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Story and Perspective

A Mother’s Day Wish: Making Access to Reliable Reproductive Healthcare a Global Reality

By: Collin Mothupi, Board Chair

Mother’s Day is a time of celebration in the United States, but this year let’s also make it a time to pause and consider that around the world, many women lack access to the proper reproductive and maternal healthcare they need.

The repercussions are devastating – and sometimes fatal.

I encounter examples of this crisis much too often through my work as Board Chair for Pathfinder.

As a South African refugee who grew up in Uganda, Kenya, and Tanzania during apartheid, I knew of women who died in childbirth, suffering the consequences of not having reliable medical care and a safe place to give birth.  I watched girls become pregnant when they were teenagers. Not only were their health and lives at risk, but their dreams of a career were also robbed from them.

As a father, I call on other fathers to advocate for women’s access to reproductive and maternal healthcare on this Mother’s Day. 

My own life experience tells me that we can make tremendous progress here.  I had the good fortune to study at Macalester College and later work on improving quality of health care in hospital systems in Minnesota and Nashville.  In my life and work, I have therefore seen big changes be possible. 

Yet, despite progress in global health over the past 25 years, maternal mortality is still one of the leading causes of death among African women, and 72% of all maternal deaths occur in sub-Saharan Africa.

A host of barriers stand in the way of women receiving the care they need in so many countries. In some cases, they may be forbidden from making their own reproductive health decisions. Or they don’t have the means to travel to health facilities that could give them the care they need. Or the health providers who are available to them may have inadequate training. Or the health facilities may be insufficiently equipped, especially if a pregnancy has complications. The list goes on.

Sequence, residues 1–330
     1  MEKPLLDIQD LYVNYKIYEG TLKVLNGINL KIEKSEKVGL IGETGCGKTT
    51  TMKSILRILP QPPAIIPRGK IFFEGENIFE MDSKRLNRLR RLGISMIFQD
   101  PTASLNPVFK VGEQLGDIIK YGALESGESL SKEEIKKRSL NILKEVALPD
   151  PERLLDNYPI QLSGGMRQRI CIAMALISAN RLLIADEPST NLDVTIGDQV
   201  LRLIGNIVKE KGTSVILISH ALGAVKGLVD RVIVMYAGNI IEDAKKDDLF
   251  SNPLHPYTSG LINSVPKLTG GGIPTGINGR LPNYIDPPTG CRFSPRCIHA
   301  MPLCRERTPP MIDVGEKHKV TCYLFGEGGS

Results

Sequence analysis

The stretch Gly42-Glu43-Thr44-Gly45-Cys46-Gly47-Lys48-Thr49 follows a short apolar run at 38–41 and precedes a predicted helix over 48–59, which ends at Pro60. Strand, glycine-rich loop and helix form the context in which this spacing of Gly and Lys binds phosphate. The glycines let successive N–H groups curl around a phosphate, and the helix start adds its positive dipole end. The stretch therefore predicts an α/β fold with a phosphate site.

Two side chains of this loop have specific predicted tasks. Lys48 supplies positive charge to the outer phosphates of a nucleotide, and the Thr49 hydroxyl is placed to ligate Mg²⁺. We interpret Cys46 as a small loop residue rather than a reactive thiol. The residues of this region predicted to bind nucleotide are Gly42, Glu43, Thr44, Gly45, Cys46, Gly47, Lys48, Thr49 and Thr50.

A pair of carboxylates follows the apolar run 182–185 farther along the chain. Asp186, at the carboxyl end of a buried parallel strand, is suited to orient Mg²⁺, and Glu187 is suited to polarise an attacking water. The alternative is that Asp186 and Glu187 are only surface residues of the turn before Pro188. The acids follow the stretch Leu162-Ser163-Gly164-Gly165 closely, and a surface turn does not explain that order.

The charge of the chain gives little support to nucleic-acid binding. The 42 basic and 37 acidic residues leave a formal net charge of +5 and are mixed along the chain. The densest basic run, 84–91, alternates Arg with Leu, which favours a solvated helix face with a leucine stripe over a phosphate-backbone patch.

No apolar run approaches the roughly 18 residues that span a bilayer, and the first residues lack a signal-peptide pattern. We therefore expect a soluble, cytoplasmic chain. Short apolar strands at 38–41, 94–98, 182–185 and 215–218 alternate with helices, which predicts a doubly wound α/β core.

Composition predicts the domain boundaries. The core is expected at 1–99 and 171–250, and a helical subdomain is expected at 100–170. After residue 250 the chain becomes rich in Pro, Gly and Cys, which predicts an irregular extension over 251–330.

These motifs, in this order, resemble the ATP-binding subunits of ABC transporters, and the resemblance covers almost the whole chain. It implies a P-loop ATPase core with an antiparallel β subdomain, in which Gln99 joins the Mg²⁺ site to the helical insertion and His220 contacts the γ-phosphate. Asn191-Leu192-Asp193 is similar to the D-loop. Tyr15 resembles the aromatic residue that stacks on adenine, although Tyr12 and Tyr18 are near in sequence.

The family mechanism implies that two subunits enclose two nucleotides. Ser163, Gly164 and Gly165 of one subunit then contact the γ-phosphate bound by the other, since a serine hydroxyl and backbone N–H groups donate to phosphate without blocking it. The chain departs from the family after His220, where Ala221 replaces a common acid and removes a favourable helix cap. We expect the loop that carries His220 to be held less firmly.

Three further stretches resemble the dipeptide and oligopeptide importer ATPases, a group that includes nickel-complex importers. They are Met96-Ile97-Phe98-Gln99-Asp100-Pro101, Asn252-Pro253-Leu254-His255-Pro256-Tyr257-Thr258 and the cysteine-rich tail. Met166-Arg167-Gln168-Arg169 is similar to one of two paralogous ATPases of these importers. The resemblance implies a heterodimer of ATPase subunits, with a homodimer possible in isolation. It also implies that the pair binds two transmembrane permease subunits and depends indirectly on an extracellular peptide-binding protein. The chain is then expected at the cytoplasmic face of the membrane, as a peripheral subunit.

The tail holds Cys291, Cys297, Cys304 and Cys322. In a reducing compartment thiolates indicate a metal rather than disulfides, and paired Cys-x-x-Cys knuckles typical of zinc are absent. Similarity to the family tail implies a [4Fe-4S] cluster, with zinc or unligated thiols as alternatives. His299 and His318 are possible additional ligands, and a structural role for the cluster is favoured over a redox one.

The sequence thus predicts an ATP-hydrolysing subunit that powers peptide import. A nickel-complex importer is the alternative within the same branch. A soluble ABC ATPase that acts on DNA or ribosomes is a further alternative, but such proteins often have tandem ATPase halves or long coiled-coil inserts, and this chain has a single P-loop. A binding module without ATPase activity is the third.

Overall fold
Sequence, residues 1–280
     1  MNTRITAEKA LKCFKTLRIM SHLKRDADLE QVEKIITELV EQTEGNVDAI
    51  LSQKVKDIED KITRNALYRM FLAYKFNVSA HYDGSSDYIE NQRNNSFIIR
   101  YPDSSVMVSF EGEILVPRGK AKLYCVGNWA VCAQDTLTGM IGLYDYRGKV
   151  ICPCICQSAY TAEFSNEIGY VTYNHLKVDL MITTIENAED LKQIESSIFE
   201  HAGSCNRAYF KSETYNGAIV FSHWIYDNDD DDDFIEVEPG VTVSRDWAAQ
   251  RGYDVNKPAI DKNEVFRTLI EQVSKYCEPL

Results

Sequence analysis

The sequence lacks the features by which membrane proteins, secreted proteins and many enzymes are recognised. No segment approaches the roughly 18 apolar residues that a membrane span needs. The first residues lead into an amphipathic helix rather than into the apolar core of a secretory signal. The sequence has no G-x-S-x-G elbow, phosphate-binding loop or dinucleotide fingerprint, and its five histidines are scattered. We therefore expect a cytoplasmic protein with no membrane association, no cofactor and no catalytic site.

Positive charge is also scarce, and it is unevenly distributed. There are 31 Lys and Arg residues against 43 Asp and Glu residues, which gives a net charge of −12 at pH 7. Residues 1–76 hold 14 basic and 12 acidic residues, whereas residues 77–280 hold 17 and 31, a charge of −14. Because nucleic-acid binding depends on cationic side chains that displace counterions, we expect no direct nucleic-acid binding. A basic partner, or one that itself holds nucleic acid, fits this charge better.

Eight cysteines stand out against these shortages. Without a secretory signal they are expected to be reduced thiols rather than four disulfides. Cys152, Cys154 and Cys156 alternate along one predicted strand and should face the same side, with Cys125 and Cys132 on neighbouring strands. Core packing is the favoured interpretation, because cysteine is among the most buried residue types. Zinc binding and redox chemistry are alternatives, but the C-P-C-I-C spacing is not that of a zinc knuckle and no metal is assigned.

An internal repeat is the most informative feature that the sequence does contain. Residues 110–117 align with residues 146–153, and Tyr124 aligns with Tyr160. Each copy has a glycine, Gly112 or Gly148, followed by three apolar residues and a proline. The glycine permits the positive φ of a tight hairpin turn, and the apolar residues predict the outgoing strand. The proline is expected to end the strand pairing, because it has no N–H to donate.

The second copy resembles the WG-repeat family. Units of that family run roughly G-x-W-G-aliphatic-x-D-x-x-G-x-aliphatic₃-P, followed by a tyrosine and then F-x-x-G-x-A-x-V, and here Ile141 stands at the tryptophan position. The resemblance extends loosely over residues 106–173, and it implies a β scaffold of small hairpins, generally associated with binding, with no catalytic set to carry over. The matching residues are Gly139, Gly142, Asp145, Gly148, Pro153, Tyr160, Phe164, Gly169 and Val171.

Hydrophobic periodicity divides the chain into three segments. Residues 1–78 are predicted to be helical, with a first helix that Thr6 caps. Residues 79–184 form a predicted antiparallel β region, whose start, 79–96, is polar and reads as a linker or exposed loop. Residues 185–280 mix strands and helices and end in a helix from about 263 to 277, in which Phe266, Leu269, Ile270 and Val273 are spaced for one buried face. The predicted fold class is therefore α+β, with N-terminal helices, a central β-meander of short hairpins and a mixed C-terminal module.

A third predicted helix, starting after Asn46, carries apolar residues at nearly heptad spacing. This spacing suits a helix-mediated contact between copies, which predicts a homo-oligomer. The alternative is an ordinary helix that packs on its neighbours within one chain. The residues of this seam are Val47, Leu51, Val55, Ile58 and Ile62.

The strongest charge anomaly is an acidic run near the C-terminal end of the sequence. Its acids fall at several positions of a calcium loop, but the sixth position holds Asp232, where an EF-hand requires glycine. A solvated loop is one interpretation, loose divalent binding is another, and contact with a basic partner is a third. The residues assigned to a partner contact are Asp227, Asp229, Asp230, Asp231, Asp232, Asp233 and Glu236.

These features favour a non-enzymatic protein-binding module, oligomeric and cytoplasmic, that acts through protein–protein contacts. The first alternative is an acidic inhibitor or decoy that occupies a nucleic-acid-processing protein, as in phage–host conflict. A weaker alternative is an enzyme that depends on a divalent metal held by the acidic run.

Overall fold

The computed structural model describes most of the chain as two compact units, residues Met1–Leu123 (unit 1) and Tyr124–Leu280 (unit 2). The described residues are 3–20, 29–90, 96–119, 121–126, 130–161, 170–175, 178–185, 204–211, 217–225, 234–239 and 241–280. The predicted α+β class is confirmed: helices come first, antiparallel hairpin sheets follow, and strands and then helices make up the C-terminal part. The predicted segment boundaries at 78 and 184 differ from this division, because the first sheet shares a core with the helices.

You don’t have to venture outside the United States to encounter inequities. Among high-income countries, the U.S. is the most dangerous place to give birth, with a lifetime risk of maternal death at one in 2,700. Compare that to Norway, where the risk is one in 43,000.

If you are Black in the U.S., you are three times more likely to die in childbirth than if you are white, and the prevalence of delivery complications is 46% higher among Black mothers than white mothers. Infant mortality is also higher for babies born to mothers who are Black, American Indian, Alaska Native, Native Hawaiian, and other Pacific Islanders. When compared to white women, those groups also have higher shares of preterm births, low birthweight births, or births for which they received late or no prenatal care.

This is not a crisis without a solution, though. These problems are preventable when women and girls are provided with the following:

  • Contraceptive choice so that they can plan their pregnancies.
  • Accessible and affordable maternal healthcare services, including safe delivery services and prenatal care throughout their pregnancies.
  • Respectful and dignified maternal health care where their voices are heard and their needs are met, along with access to financial resources so they can make the care decisions they need to make.
  • Postpartum support, including screenings for postpartum depression.
  • Access to affordable childcare and healthcare as their children grow.
  • Woman-friendly workplace policies.

I am proud to be Board Chair of an organization working on these high-impact solutions.

This Mother’s Day, I call for all fathers to join me in committing to a future where no woman dies giving birth, where no woman, when she becomes pregnant, has to fear for her life and the life of her newborn.

We know that healthy mothers mean healthier babies, healthier communities, and healthier nations. Join us in building a future where mothers and their children can thrive.

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